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Ground Squirrel

I hired a kayak and paddled into the heart of the estuary where it was satisfactorily glassy:

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Morro Bay glass-off

An Osprey smacked into the water with an enormous splosh, and emerged triumphant, flying off with the fish suspended beneath it pointing forward (as they always do).

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Osprey

And all the time the small grebes dived for fish in this incredibly fertile place. It must have been because it supported so much wildlife. An Eared Grebe popped up with what seemed to be there favourite food, a pipefish.

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Eared Grebe with pipefish

After a legstretch on a sand-dune I headed back to admire the Sealions hauled out on a pontoon, with the youngster looking like it had been made out of wax.

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Morro Bay dune
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Junior Sea Lion

The bull sea lions spent most of their time posturing and looking as macho as possible.

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Sea Lions looking oozing with testosterone

Floating about across the skies virtually everywhere we went in California were Turkey vultures. One was eating something well rotted (judging by the wiff) as I paddled past:

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Turkey Vulture

After Morro Bay we headed inland across the deserts, and the next patch of water for the Lone Kayaker and friends to investigate lay 600 miles to the south in the Sea of Cortez in Mexico.

Just enough time to check out the Grand Canyon ( in the snow).20170425_195627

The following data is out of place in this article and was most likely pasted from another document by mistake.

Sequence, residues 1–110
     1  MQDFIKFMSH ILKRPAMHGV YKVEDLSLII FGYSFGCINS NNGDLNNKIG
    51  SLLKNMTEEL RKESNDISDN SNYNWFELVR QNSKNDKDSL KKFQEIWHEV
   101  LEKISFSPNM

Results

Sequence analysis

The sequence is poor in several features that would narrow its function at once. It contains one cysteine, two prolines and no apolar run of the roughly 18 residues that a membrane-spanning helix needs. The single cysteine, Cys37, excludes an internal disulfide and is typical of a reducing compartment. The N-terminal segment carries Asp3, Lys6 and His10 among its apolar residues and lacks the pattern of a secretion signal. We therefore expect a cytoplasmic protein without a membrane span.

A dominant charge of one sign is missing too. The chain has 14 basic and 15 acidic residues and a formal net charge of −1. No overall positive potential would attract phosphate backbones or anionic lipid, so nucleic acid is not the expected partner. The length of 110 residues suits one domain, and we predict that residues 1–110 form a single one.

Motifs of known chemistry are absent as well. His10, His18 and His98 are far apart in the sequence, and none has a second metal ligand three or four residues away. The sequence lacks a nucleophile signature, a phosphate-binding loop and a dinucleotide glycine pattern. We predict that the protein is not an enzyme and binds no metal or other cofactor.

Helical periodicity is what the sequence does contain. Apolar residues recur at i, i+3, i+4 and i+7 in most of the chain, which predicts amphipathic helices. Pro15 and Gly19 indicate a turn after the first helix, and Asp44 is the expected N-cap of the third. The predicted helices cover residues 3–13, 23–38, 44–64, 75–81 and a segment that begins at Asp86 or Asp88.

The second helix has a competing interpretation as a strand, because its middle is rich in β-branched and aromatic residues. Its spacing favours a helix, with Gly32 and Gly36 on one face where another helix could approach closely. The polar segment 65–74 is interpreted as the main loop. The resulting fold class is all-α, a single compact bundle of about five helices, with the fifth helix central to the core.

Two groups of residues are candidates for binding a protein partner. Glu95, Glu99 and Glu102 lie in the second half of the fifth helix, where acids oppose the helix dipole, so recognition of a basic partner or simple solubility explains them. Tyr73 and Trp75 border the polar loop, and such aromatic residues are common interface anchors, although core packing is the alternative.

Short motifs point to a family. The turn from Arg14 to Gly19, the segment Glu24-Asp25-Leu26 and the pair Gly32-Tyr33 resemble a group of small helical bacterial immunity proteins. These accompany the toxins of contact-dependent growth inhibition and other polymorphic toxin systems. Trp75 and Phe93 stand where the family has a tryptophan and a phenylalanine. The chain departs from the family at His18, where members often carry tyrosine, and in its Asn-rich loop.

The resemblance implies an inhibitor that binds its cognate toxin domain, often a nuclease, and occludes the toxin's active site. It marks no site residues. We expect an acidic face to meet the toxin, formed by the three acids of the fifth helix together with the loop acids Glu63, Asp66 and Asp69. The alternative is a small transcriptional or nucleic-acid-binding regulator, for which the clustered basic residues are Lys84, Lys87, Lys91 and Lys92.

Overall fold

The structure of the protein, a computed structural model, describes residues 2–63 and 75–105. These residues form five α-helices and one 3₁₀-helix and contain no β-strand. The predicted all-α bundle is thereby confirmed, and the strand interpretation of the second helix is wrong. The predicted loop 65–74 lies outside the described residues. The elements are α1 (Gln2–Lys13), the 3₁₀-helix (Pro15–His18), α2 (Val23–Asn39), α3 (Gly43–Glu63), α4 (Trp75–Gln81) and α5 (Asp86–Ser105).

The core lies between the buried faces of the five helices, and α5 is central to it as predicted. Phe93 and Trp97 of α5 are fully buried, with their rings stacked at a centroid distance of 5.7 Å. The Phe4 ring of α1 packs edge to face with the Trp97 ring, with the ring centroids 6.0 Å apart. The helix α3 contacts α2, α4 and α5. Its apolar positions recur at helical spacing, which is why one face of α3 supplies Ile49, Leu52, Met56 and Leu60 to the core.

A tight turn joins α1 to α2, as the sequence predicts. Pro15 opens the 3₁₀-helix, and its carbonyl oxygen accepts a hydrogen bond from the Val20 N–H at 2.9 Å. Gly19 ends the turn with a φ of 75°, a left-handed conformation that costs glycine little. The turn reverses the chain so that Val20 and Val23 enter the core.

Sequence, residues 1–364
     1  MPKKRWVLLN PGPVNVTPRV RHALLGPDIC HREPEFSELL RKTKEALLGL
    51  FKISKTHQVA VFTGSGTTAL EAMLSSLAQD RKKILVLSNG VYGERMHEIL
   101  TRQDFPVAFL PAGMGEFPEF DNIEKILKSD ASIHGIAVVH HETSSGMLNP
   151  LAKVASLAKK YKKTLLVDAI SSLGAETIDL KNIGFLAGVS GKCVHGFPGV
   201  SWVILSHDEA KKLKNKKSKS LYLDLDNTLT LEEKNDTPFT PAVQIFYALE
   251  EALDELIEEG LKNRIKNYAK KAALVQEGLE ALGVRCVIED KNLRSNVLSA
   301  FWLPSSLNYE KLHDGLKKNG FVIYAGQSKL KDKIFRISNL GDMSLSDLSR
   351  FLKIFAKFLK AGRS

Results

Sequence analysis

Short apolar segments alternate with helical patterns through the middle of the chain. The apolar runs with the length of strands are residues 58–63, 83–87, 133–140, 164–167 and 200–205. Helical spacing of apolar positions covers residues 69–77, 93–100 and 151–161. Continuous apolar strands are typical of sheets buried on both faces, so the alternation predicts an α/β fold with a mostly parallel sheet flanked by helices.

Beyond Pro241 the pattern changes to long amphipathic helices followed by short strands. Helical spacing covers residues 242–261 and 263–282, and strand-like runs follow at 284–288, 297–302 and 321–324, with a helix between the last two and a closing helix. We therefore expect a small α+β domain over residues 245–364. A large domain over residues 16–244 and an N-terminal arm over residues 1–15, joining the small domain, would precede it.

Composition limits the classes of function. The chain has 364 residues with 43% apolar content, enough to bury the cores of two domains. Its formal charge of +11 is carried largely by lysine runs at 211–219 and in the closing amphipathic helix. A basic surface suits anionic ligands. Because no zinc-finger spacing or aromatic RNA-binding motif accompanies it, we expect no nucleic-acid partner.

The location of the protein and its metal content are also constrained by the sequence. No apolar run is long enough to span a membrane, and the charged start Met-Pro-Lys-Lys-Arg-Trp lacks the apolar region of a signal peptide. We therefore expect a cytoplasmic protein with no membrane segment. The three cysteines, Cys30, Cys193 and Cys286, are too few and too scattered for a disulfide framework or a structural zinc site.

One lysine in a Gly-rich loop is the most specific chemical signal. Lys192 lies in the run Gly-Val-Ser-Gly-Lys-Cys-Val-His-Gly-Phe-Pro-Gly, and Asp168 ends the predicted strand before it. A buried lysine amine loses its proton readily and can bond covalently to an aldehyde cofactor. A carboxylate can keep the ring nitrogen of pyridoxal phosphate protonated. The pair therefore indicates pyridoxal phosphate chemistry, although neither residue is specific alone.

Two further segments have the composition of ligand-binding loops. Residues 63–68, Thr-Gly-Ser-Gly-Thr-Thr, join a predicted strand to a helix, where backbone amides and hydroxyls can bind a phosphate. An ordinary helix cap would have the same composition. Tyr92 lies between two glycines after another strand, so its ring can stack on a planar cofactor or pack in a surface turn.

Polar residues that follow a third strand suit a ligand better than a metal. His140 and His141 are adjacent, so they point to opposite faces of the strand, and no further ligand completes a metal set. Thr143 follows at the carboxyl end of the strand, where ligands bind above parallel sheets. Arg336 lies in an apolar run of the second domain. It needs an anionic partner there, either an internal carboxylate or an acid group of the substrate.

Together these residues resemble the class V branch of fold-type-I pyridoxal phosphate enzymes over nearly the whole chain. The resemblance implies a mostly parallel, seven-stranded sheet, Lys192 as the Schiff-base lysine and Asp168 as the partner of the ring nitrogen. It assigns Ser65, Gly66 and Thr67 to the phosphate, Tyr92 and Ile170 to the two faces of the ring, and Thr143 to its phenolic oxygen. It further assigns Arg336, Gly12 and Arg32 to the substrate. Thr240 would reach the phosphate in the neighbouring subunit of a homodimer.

part 3, Kayaking the Islands of Loreto, Mexico, coming soon…..

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The Laugh of the Loon

The sensational wildlife encounter just keep on coming as I just keep on paddling.

Today it was my best-ever sightings of one of my favourite seabirds, The Great Northern Diver. Across the pond it is known by the very much less ‘text-booky’ name of Common Loon.

They are not uncommon around the coast of Cornwall during winter, but have now transformed from there drabbish winter plumage into absolutely stunning breeding plumage.

I will let the movies do the talking, and listen out for that loon laugh. It is a genuine sound of the wilderness and makes the hair stand up on the back of my neck every time.

 

 

 

 

They will soon be heading north to their breeding grounds in Iceland and Greenland.

I was passed by several roving packs of Manx Shearwaters. These too are special, because to see Manx Shearwaters like this you have to be a long way off shore, and to be a long way offshore in a kayak it has to be a very calm day, which as you can see, it was. You can see my launch point of Portscatho in the background.

 

 

For the return trip I paddled along the coast which was looking totally tropical:

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Towan Beach

 

and was shadowed by a cluster of seals who larked about behind my kayak, but don’t like being looked at. I felt like the pilot of a Russian Badger bomber being escorted out of UK airspace by a posse of Eurofighters. Although maybe I wasn’t wearing the right hat.

 

 

 

 

Remind me to clean the weed off the back of my kayak, and decompress my jugulars, next time.

Great fun, but today it was the Loons who called the Tune.

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Hunting Loon
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Great Northen Diver aka Loon